Love of softball drives seniors
Jim DuCharme of Janesville and Mike Haney of Milton are blood brothers in the boys of summer fraternity.
When spring arrives, DuCharme and Haney hear the robins sing and start rubbing neatsfoot oil into their gloves eager for another softball season.
DuCharme, 67, and Haney, 71, don’t play softball for the novelty of senior men participating in sports. They play softball because they love it, and there is nothing wrong with that.
DuCharme said he started playing softball for the 4-H Club in Prairie du Chen as a 10-year-old.
“I’ve played softball for 57 years,” DuCharme said.
DuCharme grew up playing fastpitch, the game of choice long before the slowpitch rose in popularity.
In the spirit of a true journeyman, DuCharme has played softball in a bunch of places.
“I was originally from Prairie du Chen and played (fastpitch) there,” DuCharme said. “I moved to Platteville and played and Monroe and played, and I played when I was in the Army in Korea.’’
When fastpitch gave way to the more comfortable game of slowpitch, DuCharme made the transition with a smile.
“It’s still ball,” said DuCharme, who played just one year of baseball in high school. “It doesn’t matter if its fastpitch or slowpitch.’’
Haney played baseball and softball from high school through college.
“I played baseball for the State University of New York at Morrisville,” said Haney, who is a native of Syracuse, N.Y.
Haney received a degree in food technology and a job at Libby Foods brought him to Milton in 1960. Haney brought his game with him, too.
“I played fastpitch in Milton, but there was slowpitch in Janesville,” Haney said. “Fastpitch had good pitching, but it was a pretty boring game. Slowpitch took an hour and there was a lot of hitting.’’
Haney said he enjoyed slowpitch in Janesville.
“It was unlimited arc,” Haney said. “It was quite a game in those days and it was played with a 14-inch ball.’’
There are softball players in their 60s and older besides DuCharme and Haney itching to play one more season.
The Greater Madison Senior Softball League for players 55 and over started in 2010 with eight teams, and this year it’s a 12-team league. Ray Blum and Bob Ruhland, childhood friends and softball lovers, started the league.
The league’s mission is to be player friendly. The heart is willing, but the bodies of many older players is not, so the league is not about wins and losses but having fun.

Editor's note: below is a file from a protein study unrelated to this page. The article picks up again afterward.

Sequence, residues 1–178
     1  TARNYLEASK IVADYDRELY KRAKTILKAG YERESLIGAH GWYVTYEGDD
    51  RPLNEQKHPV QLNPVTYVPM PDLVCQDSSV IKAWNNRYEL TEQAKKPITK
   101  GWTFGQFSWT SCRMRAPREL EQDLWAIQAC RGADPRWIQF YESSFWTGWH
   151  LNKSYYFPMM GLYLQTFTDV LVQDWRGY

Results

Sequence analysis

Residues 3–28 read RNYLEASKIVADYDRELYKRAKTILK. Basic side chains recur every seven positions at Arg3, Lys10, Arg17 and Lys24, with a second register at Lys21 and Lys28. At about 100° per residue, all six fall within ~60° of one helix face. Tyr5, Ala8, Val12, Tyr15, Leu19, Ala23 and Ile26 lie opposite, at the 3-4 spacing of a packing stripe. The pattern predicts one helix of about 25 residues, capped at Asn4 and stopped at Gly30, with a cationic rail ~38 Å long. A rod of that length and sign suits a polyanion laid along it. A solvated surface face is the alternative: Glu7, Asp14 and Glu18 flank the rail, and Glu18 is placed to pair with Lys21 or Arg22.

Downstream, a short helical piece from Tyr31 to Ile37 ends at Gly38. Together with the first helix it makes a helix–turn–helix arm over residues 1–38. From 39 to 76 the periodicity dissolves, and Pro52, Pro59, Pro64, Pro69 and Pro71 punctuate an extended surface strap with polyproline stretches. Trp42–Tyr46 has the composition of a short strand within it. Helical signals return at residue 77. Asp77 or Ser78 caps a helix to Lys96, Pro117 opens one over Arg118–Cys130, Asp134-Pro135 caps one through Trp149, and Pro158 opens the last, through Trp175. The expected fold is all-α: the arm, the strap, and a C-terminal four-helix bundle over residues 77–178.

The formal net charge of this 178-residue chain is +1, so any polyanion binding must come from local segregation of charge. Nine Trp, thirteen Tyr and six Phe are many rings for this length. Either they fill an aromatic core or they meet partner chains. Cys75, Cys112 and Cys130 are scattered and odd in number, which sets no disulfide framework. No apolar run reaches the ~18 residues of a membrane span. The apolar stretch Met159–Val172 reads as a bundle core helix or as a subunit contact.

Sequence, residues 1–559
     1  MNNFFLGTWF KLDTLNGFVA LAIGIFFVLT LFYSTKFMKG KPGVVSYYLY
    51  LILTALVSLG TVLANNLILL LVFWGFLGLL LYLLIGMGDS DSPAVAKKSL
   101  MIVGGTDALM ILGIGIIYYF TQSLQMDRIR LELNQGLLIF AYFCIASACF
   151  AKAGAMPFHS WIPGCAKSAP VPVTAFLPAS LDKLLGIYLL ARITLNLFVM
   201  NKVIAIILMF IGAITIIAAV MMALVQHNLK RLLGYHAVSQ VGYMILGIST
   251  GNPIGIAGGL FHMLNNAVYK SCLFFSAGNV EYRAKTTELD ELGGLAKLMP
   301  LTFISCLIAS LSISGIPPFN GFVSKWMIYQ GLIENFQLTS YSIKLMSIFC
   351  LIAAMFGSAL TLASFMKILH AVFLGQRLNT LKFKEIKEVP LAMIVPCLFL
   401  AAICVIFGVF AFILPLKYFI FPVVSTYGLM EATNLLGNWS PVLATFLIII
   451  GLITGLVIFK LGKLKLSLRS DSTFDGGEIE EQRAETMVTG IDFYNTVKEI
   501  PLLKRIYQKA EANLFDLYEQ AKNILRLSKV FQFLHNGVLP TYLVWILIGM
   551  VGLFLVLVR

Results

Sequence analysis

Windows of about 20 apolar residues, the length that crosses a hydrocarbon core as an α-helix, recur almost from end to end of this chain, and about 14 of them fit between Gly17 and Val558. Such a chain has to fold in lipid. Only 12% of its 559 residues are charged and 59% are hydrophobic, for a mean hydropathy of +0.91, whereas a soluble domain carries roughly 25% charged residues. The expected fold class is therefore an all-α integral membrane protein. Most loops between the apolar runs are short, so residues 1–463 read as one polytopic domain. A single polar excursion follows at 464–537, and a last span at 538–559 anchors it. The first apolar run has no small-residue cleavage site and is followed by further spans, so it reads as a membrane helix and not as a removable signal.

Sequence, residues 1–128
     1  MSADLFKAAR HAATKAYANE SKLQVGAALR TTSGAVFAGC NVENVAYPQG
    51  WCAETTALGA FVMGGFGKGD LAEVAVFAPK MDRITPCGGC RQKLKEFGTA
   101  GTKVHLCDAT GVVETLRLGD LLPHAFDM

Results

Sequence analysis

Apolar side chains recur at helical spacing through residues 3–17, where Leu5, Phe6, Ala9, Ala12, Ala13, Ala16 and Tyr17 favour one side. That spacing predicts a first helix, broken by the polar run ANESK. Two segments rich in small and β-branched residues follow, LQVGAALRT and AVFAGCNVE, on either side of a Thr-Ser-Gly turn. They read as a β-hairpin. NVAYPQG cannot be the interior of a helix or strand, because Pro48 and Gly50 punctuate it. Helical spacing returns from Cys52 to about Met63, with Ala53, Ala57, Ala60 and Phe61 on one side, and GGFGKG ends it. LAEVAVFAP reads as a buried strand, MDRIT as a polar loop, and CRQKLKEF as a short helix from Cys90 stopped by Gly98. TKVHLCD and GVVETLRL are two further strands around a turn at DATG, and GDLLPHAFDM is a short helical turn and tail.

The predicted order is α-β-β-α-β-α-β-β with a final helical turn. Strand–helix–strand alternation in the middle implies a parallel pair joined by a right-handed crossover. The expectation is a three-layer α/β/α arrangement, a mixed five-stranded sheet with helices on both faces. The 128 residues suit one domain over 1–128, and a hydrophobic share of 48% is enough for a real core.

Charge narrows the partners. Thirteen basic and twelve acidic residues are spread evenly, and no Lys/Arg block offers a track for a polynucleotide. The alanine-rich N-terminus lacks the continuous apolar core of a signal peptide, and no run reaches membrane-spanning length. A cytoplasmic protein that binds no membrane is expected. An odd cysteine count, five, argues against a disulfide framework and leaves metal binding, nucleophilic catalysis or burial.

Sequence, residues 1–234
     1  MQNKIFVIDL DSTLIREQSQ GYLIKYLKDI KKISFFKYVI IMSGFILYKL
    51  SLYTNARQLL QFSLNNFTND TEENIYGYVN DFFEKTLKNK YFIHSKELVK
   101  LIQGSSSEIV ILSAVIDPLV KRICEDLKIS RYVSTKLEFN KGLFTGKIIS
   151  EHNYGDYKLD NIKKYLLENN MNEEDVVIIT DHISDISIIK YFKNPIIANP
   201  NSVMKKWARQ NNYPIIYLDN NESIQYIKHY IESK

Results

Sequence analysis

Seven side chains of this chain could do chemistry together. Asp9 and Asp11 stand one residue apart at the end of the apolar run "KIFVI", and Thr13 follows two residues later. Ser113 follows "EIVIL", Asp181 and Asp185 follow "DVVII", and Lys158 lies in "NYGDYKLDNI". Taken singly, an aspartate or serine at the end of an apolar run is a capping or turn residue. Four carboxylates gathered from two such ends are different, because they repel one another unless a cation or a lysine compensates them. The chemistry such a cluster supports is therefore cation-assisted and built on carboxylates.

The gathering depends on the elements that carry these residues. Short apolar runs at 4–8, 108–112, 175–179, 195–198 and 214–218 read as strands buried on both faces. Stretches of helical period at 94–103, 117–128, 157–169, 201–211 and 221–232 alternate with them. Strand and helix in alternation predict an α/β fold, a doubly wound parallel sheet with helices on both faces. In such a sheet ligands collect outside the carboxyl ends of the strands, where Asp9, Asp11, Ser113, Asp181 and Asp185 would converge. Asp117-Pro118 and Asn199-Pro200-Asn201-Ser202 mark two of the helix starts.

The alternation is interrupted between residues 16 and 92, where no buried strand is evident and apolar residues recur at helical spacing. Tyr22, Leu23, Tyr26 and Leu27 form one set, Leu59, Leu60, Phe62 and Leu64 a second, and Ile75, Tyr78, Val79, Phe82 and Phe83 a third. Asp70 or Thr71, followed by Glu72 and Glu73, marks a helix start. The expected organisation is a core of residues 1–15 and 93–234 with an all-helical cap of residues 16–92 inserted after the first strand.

DuCharme and Haney have each played in the league three years, and they enjoy their Wednesday mornings playing softball at Goodman Field.
“Everybody on our team has played just about all their lives,” DuCharme said. “We have the same team as last year, except one guy didn’t come back because of his knees.’’
The teams play with a softer ball that is easier to catch, and if a fielder takes a bad hop to the body the pain is considerably less.
The rules include no sliding, and home plate is set off to the side so there are no collisions.
“We use a ball called a ‘clincher’ which is softer,” DuCharme said. “We use ASA bats which are more restrictive than regular bats.’’
After playing 11 games the first eight weeks of the season, the teams are divided into the top six teams and the next six so the better teams are not always beating up the lesser ones.
“We don’t keep score, but you know what it is,” Haney said. “We play for the friendship.’’
DuCharme and Haney enjoy the friendlies in the unique Madison league, but they still need their competitive fires stoked. Each plays doubleheaders on Mondays in Milwaukee.
DuCharme plays for a 65-and-older team, and Haney is on a 70-and-older team. Both travel to tournaments throughout the country about once a month.
DuCharme and Haney maintain their fitness with daily exercise, which helps their bodies stay in tune and their hearts beating for the game.
“I just love the game,” DuCharme said. “We are so fortunate with our health that we still can play and be out and stay active.’’